Today, we try to construct an aphorism. The University of Houston's College of Engineering presents this series about the machines that make our civilization run, and the people whose ingenuity created them.
An aphorism is a concise statement of a principle. It's just a bit more direct than an adage or a motto. The most famous aphorism of all is Hippocrates' statement about the art of medicine. He said, "Life is short, the art is long, opportunity fleeting, experience delusive, judgment difficult."
I want to try an aphorism on you. Years ago, after I gave a talk on technology, someone asked, "Do you mean good people make good machines and bad people make bad machines?" I didn't want to consent to such a simplistic statement so I chewed the air for a moment. Finally, I was shocked to hear myself saying, "Why, yes. That's right. Good people do make good machines and bad people do make bad machines."
I'd been handed an aphorism that was both dangerous and compelling in its simplicity. So let's see how it holds up:
First of all, I doubt I've ever met a wholly good or bad person. But I've certainly watched people act on both good and bad intentions. Second, it's very clear that machines reflect us -- that we are what we make. That's why machines provide the metaphors we use all the time to make sense of things.
We tell each other that a tornado descends like a hammer, an efficient person functions like a Swiss watch, a friend is an open book, a fine machine is the Cadillac of such devices. We look for the needle in the haystack. We stay out of the gears of a bad situation. A good basketball team works with clock-like precision. Our metaphors are technological.
Our machines turn into metaphors because we build ourselves into them. Machines that survive are the ones we've invested with the best of ourselves when we make them.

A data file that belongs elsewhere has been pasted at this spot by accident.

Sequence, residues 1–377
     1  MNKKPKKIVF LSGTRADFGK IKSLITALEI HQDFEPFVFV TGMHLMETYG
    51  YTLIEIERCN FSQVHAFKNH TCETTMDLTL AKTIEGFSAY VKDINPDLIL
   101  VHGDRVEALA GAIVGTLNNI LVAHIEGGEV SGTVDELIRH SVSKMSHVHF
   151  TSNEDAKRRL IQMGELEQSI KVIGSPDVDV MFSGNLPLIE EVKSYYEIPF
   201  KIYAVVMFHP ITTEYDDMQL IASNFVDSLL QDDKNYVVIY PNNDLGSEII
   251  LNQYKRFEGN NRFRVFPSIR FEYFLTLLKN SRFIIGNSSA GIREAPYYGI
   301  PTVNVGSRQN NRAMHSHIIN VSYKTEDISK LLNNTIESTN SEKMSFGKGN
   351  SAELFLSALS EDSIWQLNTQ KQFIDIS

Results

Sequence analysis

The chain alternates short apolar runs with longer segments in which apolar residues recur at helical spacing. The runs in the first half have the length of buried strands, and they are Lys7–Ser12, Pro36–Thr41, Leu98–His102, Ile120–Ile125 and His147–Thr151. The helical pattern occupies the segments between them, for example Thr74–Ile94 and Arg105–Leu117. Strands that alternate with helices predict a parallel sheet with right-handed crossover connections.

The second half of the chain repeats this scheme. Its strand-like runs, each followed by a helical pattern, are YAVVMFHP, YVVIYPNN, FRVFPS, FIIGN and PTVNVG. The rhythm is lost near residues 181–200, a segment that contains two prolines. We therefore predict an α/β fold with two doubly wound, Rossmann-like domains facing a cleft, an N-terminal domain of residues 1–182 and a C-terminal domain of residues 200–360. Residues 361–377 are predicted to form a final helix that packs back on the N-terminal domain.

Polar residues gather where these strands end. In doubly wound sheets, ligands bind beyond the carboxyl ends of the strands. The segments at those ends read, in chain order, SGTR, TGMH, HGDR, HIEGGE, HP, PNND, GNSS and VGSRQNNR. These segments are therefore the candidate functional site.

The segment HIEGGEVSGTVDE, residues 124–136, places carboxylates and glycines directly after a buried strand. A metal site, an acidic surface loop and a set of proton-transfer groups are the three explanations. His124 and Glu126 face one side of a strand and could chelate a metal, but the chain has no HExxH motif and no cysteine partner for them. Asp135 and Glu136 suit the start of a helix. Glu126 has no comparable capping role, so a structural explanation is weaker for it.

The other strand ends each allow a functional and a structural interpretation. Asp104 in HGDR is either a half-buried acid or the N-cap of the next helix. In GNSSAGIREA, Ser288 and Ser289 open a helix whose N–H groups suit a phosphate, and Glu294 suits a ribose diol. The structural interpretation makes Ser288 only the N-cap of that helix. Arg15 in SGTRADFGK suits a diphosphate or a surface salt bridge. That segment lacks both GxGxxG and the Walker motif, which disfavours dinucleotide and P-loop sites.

In 1883 a friend of Hiram Maxim said to him, "If you want to make your fortune, invent something to help these fool Europeans kill each other more quickly!" By 1885 the brilliant and inventive Maxim had created the first single-barrel machine gun. It fired 666 rounds a minute and it changed warfare. After the Russo- Japanese War, Maxim proudly said, "more than half the Japanese killed in the late war were killed with the little Maxim Gun."
So was this a good machine or a bad one? Was Maxim a good man or bad? It all depends on how you hold each up to the light. Either way, the man and the machine mirrored one another perfectly.
So my aphorism (maybe I should call it a maxim) is circular. No matter how we define good and bad, it has to come out true because what we make is what we are. That's why good people really do make good machines and bad people make bad machines. The weakness in all this is, it says nothing about the lingering, age-old, problem of telling good from bad. Nevertheless, it's a fact we're well advised to remember when we make anything.
I'm John Lienhard, at the University of Houston, where we're interested in the way inventive minds work.
For more on the Maxim example see Episode 694 and/or the following references:
Maxim, H., My Life. London: Methuen & Co., Ltd., 1915.
Hogg, I., The Weapons that Changed the World. New York: Arbor House, 1986, pp. 22-25.
A typical WW-I machine gun, the immediate descendent of
the Maxim gun and the cause of millions of WW-I deaths.
Image provided by Margaret Culbertson